As the animal rights philosopher Gary Francione argues, pets have property status. Pet owners have a legal right of ownership over their pets, they can exercise a great degree of liberty with what they can do to their pet within the bounds of ‘humane’ treatment. As with our cars, we can take better or worse care of them- as long as we meet certain guidelines. This means that a pet’s interests can be viewed as an economic inconvenience that we can (in most cases) choose to ignore. If your pet hamster, for example, is sick the veterinary costs of treating it can easily exceed the price of buying a completely new hamster. This could mean that in reality there can be no true equality of interests between pet owners and their pets, as the stakes are predetermined from the outset.
Many owners have cosmetic alterations performed on their pet. These involve ear cropping, tail docking, declawing (actually a form of amputation of part of the bone in the foot), and devocalization (debarking). These procedures are done for owner convenience, for such simple reasons as not to damage furniture, irritate neighbours, or because it “looks good”.
Some of the long-term effects of declawing cats include skin and bladder problems, and the gradual weakening of legs, shoulders, and back muscles. The effects of tail docking include underdeveloped pelvic musculature not to mention acute pain. All such procedures run the risk of more general complications from surgery, such as infection and distress which are heightened in animals that cannot understand what has happened to them and do not stop fussing the wound.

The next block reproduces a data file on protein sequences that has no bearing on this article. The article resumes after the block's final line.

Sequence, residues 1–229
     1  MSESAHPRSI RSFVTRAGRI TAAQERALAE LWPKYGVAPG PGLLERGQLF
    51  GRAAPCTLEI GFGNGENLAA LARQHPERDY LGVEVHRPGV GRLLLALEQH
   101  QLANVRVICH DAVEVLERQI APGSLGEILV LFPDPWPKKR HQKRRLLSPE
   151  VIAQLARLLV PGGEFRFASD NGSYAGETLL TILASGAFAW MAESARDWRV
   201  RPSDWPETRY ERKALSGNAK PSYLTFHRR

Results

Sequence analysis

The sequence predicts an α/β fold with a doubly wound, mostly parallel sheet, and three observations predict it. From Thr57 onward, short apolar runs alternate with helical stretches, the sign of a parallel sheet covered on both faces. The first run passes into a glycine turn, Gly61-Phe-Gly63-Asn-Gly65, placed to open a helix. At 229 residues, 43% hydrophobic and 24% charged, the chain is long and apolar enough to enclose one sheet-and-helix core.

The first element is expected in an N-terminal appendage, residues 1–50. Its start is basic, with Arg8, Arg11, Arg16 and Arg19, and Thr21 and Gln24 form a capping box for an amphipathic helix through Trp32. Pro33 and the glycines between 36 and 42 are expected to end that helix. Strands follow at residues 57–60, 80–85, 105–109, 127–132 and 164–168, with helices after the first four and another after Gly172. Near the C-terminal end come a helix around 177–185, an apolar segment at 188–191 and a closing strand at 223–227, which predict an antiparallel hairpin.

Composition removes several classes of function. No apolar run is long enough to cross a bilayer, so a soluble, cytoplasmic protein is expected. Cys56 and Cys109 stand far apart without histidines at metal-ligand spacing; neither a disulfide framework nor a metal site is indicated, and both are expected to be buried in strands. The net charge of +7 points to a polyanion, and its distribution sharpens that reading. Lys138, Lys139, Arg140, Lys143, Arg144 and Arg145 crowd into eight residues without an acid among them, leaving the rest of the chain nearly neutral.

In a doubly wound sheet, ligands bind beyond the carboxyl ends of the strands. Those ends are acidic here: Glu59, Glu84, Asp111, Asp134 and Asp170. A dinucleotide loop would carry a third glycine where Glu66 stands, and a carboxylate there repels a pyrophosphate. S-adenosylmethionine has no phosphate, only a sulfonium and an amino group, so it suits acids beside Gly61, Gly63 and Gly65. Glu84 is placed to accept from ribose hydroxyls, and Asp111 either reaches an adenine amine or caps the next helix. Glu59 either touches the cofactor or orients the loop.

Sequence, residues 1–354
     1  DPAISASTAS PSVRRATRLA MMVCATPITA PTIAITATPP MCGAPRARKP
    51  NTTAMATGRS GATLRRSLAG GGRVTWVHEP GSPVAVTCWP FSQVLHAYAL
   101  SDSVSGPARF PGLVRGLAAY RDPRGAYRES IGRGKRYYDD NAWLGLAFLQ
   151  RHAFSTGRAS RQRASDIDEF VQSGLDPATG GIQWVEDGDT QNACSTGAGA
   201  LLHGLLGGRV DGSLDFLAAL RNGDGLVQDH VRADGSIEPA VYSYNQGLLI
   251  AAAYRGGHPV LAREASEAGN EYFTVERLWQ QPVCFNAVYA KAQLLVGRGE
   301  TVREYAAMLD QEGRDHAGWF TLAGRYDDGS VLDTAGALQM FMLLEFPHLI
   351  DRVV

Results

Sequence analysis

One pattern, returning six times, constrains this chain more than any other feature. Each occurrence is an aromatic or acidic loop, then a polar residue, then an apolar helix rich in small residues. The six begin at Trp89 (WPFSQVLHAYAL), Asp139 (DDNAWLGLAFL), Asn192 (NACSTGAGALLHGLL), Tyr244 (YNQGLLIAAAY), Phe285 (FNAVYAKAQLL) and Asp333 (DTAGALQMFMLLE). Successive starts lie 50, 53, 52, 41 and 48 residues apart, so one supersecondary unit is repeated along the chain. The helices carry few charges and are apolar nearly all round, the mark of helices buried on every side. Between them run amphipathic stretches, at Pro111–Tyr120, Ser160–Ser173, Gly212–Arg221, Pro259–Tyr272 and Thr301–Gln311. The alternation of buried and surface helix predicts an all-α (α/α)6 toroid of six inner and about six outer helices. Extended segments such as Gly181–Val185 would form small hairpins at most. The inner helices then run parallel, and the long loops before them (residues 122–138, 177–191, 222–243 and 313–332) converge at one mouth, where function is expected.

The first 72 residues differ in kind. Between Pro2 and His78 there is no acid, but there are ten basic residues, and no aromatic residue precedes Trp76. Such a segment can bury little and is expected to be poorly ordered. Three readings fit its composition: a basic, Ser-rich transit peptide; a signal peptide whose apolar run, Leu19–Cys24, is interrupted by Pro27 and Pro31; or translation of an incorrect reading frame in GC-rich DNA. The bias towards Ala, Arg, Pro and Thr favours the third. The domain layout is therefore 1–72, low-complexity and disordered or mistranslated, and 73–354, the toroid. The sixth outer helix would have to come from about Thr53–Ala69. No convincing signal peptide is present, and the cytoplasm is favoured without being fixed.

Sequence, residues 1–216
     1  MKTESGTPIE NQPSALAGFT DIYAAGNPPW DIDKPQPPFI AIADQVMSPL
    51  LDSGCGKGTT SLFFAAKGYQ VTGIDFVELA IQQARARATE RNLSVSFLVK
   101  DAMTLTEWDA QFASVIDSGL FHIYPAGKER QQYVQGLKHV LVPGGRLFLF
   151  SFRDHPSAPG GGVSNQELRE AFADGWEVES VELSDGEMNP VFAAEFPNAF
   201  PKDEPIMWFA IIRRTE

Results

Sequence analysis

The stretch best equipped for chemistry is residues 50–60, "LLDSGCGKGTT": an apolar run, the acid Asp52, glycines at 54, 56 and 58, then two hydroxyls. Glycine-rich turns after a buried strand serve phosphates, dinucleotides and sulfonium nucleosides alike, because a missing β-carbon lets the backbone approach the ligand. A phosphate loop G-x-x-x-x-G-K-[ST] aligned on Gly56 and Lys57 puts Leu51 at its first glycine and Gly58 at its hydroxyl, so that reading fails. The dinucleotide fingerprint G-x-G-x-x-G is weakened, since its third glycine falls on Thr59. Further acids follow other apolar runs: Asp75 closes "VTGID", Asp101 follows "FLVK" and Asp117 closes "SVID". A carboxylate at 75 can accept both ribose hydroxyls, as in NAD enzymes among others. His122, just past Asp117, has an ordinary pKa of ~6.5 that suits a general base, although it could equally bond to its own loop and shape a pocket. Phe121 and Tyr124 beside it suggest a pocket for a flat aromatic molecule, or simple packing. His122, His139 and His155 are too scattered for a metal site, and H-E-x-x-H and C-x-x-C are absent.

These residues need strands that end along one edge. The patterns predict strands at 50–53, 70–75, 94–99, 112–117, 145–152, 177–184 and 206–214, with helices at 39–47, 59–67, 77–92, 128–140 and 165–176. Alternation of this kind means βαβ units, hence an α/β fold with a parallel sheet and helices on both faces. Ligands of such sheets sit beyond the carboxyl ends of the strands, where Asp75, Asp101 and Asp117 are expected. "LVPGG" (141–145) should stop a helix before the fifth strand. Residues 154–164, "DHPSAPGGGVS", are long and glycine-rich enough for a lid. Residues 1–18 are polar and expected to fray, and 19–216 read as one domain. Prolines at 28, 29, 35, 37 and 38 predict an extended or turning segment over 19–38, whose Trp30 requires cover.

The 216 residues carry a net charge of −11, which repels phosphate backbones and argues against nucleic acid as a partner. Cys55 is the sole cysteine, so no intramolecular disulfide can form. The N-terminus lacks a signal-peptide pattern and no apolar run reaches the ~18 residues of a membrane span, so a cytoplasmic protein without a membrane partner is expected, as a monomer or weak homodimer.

A simple and effective way of avoiding many of the problems raised in this article is to spay and neuter your pet. These routine procedures mean that the overpopulation crisis will be solved and the consequent effects largely avoided.
Spaying can also be a method of decreasing the chances of certain cancers, such as uterine and mammary cancers in female animals. As for males, spaying means that they are less likely fight, or develop testicular or prostate cancers. Also, since the animal is less likely to breed and come into contact with another animal’s fluids, they less exposed to conditions such as feline AIDS and leukaemia (in the case of cats). See here for more information.
A more extreme option is the eventual phasing out and abolition of pets and pet-keeping practices. I myself over time have become more inclined to this conclusion, although I understand how drastic it might sound and that others may disagree.
This is absolutely not to say that we shouldn’t take care of the animals who already exist today. I do know for certain that we should provide homes for all homeless pets and ensure that they lead good lives, as well as take care of the pets we already own.
In sum, it seems plausible to argue that the ‘positives’ of keeping pets, which are mainly owner-satisfaction and the small number of relatively well-treated pets in existence, do seem to be somewhat outweighed by the ‘negatives’ when all considerations are accounted for.
So, does the practice of pet-keeping and all that it entails produce more good than bad?